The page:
From the Washington Times

American manufacturers think the future looks bright.

The GOP-led tax cuts and President Trump’s deregulation efforts are driving record-high optimism in the industry heading into 2019, findings that come amid significant volatility on Wall Street as investors brace for a potential slowdown in the U.S. economy next year.

Nearly 89 percent of the 539 companies polled by the National Association of Manufacturers in the fourth quarter held a positive outlook for their business, bringing the yearly average to 92.4 percent, the highest in the survey’s 20-year history.

Just 18.5 percent of respondents cited an unfavorable business climate as a key concern, down from 71.2 percent in the final months of former President Barack Obama’s tenure in 2016. In the next 12 months, companies expect capital investments to increase 2.6 percent, full-time employment to rise 2.2 percent, and wages to jump 2.3 percent.

Despite the rosy forecast, pitfalls still loom. Just over 68 percent of respondents listed attracting qualified workers as a top concern. Higher raw material cost, spurred by President Trump’s double-digit tariffs on steel and aluminum imports, was a secondary worry for 65 percent of manufacturers.

“This year was one for the record books, with manufacturers’ average optimism for 2018 hitting an all-time high,” NAM President Jay Timmons said in a statement. But over the next decade, “as many as 2.4 million could go unfilled if we don’t equip more Americans to take on these high-tech, high-paying careers.”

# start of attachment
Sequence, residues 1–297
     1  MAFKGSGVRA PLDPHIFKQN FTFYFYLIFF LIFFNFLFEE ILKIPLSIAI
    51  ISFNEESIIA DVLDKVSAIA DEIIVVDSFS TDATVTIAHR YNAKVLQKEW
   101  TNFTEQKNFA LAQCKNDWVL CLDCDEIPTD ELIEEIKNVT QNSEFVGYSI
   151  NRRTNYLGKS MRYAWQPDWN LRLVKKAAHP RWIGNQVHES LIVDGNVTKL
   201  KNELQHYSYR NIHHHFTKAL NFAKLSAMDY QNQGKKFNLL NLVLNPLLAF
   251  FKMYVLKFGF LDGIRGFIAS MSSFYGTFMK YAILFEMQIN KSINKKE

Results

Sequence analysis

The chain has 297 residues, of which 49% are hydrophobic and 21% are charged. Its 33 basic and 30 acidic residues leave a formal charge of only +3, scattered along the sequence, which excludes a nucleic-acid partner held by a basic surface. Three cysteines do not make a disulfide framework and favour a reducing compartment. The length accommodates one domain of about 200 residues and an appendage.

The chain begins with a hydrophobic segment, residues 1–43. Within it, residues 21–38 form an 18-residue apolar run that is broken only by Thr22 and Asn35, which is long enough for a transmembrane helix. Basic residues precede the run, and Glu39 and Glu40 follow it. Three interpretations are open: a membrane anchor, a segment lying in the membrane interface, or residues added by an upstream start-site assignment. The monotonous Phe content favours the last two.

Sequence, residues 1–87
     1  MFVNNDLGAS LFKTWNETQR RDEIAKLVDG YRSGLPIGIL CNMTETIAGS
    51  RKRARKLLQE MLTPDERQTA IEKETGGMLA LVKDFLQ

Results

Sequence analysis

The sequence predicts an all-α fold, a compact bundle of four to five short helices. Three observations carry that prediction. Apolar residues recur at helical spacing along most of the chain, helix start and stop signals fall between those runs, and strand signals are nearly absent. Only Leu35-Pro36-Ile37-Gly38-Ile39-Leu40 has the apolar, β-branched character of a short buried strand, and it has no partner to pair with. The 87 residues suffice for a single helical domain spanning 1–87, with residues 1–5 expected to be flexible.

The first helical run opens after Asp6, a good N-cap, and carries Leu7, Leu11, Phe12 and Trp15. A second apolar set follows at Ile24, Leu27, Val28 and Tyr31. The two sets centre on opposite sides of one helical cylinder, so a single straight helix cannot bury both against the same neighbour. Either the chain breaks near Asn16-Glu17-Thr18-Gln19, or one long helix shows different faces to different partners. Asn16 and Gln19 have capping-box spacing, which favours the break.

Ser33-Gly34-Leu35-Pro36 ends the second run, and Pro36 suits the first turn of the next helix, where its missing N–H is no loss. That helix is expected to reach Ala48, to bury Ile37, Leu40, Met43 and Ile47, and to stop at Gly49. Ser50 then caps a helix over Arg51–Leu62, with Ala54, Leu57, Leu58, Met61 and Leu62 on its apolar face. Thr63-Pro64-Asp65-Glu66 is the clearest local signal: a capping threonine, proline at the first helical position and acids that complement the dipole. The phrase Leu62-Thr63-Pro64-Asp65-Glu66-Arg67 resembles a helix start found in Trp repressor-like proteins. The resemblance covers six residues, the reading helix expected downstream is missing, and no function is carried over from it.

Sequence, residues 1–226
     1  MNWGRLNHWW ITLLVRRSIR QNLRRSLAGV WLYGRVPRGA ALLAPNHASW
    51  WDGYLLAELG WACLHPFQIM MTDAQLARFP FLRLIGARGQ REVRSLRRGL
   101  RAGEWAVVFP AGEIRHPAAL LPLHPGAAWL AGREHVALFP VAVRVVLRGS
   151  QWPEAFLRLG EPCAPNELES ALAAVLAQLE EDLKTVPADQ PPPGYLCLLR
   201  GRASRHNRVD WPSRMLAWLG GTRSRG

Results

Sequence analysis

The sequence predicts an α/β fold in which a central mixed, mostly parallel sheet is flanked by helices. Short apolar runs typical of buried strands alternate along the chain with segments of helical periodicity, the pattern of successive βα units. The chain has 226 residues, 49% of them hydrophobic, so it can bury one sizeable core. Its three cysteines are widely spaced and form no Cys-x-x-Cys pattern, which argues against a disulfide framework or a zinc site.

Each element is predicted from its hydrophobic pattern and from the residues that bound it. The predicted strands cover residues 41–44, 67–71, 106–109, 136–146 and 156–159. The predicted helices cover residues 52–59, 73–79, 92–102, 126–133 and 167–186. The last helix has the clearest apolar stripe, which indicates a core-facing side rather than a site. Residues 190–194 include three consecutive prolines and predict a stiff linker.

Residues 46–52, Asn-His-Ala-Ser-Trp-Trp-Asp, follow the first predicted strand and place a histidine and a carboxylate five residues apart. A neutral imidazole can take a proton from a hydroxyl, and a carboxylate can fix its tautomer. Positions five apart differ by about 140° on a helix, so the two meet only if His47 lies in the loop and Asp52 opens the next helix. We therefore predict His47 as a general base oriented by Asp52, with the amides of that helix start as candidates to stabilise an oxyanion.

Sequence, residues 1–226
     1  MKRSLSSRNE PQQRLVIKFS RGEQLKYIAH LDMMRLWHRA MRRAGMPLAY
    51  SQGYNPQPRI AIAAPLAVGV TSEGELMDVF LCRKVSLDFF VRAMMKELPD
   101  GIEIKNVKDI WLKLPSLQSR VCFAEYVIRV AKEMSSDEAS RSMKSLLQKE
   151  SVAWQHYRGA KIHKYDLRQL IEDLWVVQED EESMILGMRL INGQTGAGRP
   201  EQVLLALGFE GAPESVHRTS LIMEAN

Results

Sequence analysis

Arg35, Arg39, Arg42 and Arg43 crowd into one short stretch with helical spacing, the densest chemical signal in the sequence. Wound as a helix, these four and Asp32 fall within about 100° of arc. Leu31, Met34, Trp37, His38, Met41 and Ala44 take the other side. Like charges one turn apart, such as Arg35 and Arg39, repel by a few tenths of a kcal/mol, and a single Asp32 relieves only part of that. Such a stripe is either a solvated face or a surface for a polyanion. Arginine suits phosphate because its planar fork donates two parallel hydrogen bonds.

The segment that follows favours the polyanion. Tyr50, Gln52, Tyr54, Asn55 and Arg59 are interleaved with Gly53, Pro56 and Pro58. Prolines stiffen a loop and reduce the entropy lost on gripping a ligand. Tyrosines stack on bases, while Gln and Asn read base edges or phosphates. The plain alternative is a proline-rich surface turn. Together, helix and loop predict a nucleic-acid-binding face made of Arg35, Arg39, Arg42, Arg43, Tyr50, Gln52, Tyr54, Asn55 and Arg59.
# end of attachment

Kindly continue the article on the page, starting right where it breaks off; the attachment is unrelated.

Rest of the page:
And while the economy remains strong, some experts forecast a slowdown in 2019 and investors remain skittish over the future of ongoing trade negotiations between the U.S. and China. The decision by the Federal Reserve on Wednesday to raise interest rates also sent the top U.S. stock indexes tumbling to year lows.

Still, consumer sentiment remains high after the tax law cut rates for most Americans. It also lowered the corporate tax rate from 35 percent to 21 percent. While corporations directed savings to one-time employee bonuses and other workforce benefits, a sizable number used the influx for stock buybacks, prompting criticism from Democrats that the law predominantly benefited the rich.

Democratic leaders have pledged to try to roll back key provisions when they retake the U.S. House of Representatives next year. Top executives at some of the nation’s largest businesses, however, have pushed back on that characterization and argued that the benefits of the law will be realized over several years.

The money sent back to investors “is a redeployment of capital to a better and higher use,” Jamie Dimon, chief executive officer of JPMorgan Chase, said recently. “We have to educate the American public, particularly my Democrat friends, about how that’s beneficial for all America.”


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